Matthew Henson Hiker-Biker Trail
Matthew Henson Hiker-Biker Trail is an asphalt-paved park trail that provides a connecting route from Veirs Mill Road through to Layhill Road. It runs for most of its length through Matthew Henson State Park.
Perhaps you would like to see a PDF MAP.
Matthew Henson State Park Segment
Matthew Henson Hiker-Biker Trail has a western terminus in Winding Branch Local Park, where it will connect to the southern stub of Gaynor Road at Hunter's Lane. Another spur in Winding Branch Local Park will connect to the northwestern stub of Dewey Road.
From the western terminus, the Trail runs near the western bank of the Turkey Branch (also known as the Watery Branch) of Rock Creek to approximately the intersection of Turkey Branch Parkway and Grenoble Drive. At this point it begins to run more deeply into the Matthew Henson State Park and crosses the west branch of Turkey Branch and from there travels mostly east-northeast along the northern bank of the east branch of Turkey Branch.
The Trail crosses under Connecticut Avenue at the infamous Cloverleaf to Nowhere bridge and then crosses to the southern bank of Turkey Branch, and skirts to the north of the recently constructed stormwater retention ponds. It rises to a street grade crossing of Georgia Avenue just southeast of the intersection of Georgia Avenue and Hewitt Avenue.
Matthew Henson Greenway Segment
The Trail exits Matthew Henson State Park at Georgia Avenue, and on the east side of Georgia Avenue it parallels the road, crossing to the south of the Global Mission Church and then it continues east-northeast in the Matthew Henson Greenway. It runs south of and generally parallel to Hewitt Avenue, crossing the ridge that separates the Rock Creek and Potomac River watershed from the Anacostia River Watershed. It parallels one of the small tributaries to Bel Pre Creek as it enters Bel Pre Neighborhood Park and here it has connections to both the northern and southern stubs of Rippling Brook Drive. It crosses Bel Pre Creek proper just south of Bel Pre Elementary School. From there it crosses Layhill Road and enters the Layhill Village Local Park, with an eastern terminus connecting to both the northern and southern stubs of Alderton Road.
The route followed by the Matthew Henson Hiker Biker trail is one of great antiquity. It is one of the shortest and least-difficult portages between the Rock Creek/Potomac watershed and the Northwest Branch (Anacostia) watershed. However, there is reason to believe that the actual route most traveled in pre-Columbian and in early Colonial days was more along the path of the present-day Turkey Branch Parkway and Hewitt Avenue. Both the Turkey Branch of Rock Creek and Bel Pre Creek are historically subject to significant flash-flooding problems during cloudbursts.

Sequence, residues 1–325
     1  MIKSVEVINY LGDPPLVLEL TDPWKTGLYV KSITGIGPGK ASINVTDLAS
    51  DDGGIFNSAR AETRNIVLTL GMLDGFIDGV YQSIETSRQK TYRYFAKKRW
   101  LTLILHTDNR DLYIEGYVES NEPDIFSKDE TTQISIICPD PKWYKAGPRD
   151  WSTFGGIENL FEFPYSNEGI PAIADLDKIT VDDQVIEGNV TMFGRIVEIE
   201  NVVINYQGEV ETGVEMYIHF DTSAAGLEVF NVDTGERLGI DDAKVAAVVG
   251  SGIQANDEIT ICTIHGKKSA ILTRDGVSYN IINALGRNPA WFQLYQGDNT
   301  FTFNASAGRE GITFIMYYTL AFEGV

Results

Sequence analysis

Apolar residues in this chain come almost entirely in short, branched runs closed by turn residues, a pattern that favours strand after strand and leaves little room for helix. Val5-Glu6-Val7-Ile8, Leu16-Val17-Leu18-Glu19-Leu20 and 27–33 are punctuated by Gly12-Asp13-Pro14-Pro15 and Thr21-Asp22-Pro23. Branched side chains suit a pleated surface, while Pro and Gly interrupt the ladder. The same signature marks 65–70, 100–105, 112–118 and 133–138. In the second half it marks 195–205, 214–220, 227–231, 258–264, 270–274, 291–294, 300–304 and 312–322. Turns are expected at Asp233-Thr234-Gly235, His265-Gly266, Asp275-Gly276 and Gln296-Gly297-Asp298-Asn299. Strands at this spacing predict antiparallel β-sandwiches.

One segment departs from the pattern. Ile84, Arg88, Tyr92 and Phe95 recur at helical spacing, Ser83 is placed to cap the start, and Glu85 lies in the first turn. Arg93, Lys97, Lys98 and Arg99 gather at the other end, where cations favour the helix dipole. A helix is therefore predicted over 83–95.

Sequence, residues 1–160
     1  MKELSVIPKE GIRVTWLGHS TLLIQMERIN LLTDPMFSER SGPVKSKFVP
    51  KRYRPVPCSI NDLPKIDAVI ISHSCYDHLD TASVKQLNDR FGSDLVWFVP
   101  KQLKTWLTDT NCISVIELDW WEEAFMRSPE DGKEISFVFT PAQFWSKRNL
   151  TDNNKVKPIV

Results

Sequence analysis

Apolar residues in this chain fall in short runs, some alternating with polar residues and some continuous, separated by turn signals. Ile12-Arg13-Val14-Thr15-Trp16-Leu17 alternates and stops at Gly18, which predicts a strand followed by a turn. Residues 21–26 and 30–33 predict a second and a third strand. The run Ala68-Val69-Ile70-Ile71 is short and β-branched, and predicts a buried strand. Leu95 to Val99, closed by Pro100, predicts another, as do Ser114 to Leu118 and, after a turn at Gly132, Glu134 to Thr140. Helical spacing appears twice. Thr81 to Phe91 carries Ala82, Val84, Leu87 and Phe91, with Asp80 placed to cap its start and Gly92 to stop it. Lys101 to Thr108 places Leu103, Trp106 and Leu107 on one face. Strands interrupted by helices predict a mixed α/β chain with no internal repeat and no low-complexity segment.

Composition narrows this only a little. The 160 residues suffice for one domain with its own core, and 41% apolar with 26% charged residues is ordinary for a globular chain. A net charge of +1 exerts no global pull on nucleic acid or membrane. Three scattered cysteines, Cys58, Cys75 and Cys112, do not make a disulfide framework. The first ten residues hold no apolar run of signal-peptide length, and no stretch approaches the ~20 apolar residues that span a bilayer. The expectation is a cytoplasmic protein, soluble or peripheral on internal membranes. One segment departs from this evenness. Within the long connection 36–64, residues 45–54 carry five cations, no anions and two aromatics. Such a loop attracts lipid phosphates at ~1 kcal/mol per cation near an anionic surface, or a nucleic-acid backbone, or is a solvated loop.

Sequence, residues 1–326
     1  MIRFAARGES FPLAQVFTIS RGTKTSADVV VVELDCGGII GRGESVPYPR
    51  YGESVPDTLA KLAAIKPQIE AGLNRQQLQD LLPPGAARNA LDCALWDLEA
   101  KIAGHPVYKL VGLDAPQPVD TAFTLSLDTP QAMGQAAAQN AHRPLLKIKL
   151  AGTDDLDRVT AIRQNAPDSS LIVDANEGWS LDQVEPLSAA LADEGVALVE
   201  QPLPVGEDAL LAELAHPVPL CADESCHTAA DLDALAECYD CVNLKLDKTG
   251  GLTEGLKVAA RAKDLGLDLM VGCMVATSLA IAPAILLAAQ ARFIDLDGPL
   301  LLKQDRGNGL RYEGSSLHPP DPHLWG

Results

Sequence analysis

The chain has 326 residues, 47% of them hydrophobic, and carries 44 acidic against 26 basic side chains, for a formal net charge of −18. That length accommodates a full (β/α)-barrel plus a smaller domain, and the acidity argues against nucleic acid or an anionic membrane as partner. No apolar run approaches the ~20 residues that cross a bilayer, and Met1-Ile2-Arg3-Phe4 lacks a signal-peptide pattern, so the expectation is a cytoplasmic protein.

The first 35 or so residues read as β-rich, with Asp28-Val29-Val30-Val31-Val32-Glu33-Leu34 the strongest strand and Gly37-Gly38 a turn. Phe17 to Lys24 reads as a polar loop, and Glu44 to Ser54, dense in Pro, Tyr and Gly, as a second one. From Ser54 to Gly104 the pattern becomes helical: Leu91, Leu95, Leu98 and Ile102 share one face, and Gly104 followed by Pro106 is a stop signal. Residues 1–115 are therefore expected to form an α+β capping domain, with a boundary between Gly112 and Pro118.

Early Modern History
The history of the Matthew Henson Hiker Biker Trail from about 1950 to about 2000 is roughly the same as the history of Matthew Henson State Park.
Originally, this was to be the route of a vehicular parkway or freeway usually referred to as "the Rockville Facility". Legislative action in 1987 and 1990 reserved the right-of-way of the proposed Montrose Parkway north of Veirs Mill Road and west of Georgia Avenue to the Matthew Henson State Park. To the east of Georgia Avenue, this is properly referred to as the Matthew Henson Greenway.
Maryland House Bill 399 entitled "Montgomery County - Matthew Henson State Park - Expansion MC 305-03" was unanimously voted into law.
Funding was received by the Department of Parks for design and construction of the Trail.
Court actions and protests were resolved, which had argued against the Trail, and then against making the Trail a paved asphalt trail.
Construction begins, concurrent with the Turkey Branch Stream Restoration Project final phases.
The official opening date for the Trail is 2009 May 9 (Brachfeld, Melissa, "Matthew Henson Hiker-Biker Trail to open Saturday: Dedication ceremony will celebrate completion of pathway through state park", Montgomery Gazette, May 6, 2009, downloaded 2009 May 7). Perhaps you may wish to see images from this dedication ceremony.
A personal note: at the conclusion of the dedication, on a beautiful early summer day, even as final thanks was made to Ms Garrott for her lifetime of contribution to Montgomery County with the culmination being this posthumous opening of this park and trail, a sudden and powerful breeze came out of nowhere and briskly stirred the trees and brought a lovely cool to we who stood there in the sun.
They say that when the angels dance, they vigorously flap their wings.
May there always be a blessed breeze at this pavilion on the trail.